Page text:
Martin Shkreli denies FTC's contempt claims

Martin Shkreli asked a federal judge to not hold him in contempt for failing to provide the Federal Trade Commission with information requested to determine whether he has violated a lifelong ban from working in the drug industry, according to Feb. 10 court filings obtained by Becker's

Last month, the FTC urged a federal court to hold Mr. Shkreli in contempt for allegedly refusing to sit down for an interview or provide documents regarding Druglike, a company he formed in July 2022. The company offered researchers a decentralized computing network to support early-stage drug discovery. 

"Since its issuance, I have complied with the order as extensively as possible and in good faith," Mr. Shkreli wrote in the Feb. 10 filing, adding that he never had an ownership stake or executive role at the company.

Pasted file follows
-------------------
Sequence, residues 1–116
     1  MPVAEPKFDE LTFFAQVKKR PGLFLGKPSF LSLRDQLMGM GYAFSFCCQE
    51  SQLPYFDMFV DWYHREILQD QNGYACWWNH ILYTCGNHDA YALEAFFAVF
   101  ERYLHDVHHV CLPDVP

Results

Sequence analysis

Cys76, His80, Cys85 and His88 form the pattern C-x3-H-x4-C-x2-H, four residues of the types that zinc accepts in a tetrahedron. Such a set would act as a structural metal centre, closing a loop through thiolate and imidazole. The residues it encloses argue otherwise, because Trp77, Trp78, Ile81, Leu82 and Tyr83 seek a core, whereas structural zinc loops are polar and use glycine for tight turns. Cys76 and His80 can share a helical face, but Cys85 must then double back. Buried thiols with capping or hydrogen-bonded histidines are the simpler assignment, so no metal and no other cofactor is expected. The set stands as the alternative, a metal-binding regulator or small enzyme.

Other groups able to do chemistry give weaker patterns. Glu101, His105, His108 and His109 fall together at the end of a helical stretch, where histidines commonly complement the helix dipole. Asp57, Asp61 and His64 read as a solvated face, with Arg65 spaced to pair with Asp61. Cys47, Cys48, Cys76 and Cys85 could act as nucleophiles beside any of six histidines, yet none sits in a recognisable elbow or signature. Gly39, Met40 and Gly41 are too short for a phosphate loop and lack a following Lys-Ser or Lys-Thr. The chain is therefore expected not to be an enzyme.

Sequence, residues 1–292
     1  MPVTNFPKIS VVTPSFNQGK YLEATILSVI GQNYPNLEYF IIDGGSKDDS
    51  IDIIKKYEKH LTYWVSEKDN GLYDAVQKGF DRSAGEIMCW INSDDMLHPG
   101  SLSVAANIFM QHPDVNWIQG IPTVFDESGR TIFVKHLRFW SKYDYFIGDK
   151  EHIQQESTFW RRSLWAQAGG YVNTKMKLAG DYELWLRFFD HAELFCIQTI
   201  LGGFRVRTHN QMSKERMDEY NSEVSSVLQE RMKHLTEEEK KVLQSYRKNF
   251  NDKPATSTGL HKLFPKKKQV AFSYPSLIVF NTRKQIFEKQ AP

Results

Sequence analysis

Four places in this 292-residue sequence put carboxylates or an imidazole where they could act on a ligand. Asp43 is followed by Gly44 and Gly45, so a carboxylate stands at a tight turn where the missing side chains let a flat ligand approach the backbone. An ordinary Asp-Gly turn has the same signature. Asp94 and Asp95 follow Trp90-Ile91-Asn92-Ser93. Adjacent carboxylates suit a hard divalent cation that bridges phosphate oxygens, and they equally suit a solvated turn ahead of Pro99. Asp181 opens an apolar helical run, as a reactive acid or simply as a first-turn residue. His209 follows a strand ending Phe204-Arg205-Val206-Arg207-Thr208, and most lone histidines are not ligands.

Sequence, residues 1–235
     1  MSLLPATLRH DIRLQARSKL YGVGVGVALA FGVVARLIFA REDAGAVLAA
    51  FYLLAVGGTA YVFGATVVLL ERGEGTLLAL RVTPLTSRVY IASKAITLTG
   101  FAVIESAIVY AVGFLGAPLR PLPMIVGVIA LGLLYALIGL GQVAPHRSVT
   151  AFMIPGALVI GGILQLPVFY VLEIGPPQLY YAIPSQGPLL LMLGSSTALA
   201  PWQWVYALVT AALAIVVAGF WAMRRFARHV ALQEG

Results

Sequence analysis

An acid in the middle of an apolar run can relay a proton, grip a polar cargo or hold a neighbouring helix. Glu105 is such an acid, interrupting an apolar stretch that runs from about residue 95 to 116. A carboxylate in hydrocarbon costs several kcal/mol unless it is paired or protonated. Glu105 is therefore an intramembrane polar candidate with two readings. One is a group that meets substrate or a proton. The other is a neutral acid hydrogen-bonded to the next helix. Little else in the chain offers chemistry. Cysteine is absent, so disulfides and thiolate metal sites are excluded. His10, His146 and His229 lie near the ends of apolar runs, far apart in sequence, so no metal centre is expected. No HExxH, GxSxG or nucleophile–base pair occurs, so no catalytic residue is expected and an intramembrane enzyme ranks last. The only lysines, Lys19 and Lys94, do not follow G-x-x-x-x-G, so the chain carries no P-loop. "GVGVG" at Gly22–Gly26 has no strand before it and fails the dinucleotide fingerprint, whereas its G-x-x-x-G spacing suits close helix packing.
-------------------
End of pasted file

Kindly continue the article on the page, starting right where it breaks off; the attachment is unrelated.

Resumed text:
Mr. Shkreli also contended that the company, which he believes has been legally dissolved, and its successor, DL Software, are software companies creating products for chemists and physicists. He co-founded DL Software and said he aims to gain financing for the firm. 

Mr. Shkreli, co-founder and former CEO of Turing Pharmaceuticals, first made headlines in 2015 for raising the price of his company's antiparasitic drug Daraprim from $13.50 to $750 overnight. In 2017, he was convicted of defrauding investors and served five years in prison. Along with his prison sentence, U.S. District Judge Denise Cote banned Mr. Shkreli from participating in the pharmaceutical industry in any matter for life and ordered him to pay $64.6 million. Ms. Cote will also decide whether Mr. Shkreli should be held in contempt. 

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